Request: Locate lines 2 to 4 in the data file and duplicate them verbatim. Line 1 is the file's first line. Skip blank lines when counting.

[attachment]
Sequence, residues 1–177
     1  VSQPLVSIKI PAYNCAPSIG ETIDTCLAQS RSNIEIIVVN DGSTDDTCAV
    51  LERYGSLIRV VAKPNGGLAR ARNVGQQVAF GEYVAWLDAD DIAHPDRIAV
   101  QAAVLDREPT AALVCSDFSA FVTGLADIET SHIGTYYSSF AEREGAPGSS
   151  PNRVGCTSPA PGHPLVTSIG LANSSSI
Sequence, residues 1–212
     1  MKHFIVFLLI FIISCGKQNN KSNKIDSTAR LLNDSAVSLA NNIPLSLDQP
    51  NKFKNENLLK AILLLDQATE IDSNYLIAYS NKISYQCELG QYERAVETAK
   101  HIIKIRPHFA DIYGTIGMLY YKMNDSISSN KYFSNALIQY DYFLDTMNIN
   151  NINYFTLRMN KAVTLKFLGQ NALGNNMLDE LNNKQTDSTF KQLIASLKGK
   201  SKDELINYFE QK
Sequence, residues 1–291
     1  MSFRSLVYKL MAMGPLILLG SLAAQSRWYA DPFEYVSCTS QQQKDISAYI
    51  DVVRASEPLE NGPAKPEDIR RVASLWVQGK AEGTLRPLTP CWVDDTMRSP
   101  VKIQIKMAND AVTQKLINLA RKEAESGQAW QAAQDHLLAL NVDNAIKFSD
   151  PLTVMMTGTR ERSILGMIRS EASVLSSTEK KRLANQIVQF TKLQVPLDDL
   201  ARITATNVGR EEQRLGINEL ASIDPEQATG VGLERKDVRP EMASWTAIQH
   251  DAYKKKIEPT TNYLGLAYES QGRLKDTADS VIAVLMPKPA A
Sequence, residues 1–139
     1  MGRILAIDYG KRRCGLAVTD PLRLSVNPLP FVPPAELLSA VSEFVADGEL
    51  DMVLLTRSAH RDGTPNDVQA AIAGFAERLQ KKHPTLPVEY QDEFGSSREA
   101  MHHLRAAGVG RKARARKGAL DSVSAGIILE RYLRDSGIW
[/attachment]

     1  VSQPLVSIKI PAYNCAPSIG ETIDTCLAQS RSNIEIIVVN DGSTDDTCAV
    51  LERYGSLIRV VAKPNGGLAR ARNVGQQVAF GEYVAWLDAD DIAHPDRIAV
   101  QAAVLDREPT AALVCSDFSA FVTGLADIET SHIGTYYSSF AEREGAPGSS